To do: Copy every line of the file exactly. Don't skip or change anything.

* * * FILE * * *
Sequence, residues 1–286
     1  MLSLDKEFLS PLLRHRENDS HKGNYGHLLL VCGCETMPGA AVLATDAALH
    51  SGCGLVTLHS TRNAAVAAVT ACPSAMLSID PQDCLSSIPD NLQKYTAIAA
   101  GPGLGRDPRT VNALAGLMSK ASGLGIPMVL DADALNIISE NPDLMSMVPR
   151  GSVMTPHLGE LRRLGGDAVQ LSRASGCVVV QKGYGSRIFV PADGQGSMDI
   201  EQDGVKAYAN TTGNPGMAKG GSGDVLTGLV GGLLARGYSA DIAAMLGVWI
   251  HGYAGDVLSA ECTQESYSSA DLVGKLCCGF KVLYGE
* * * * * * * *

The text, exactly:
Sequence, residues 1–286
     1  MLSLDKEFLS PLLRHRENDS HKGNYGHLLL VCGCETMPGA AVLATDAALH
    51  SGCGLVTLHS TRNAAVAAVT ACPSAMLSID PQDCLSSIPD NLQKYTAIAA
   101  GPGLGRDPRT VNALAGLMSK ASGLGIPMVL DADALNIISE NPDLMSMVPR
   151  GSVMTPHLGE LRRLGGDAVQ LSRASGCVVV QKGYGSRIFV PADGQGSMDI
   201  EQDGVKAYAN TTGNPGMAKG GSGDVLTGLV GGLLARGYSA DIAAMLGVWI
   251  HGYAGDVLSA ECTQESYSSA DLVGKLCCGF KVLYGE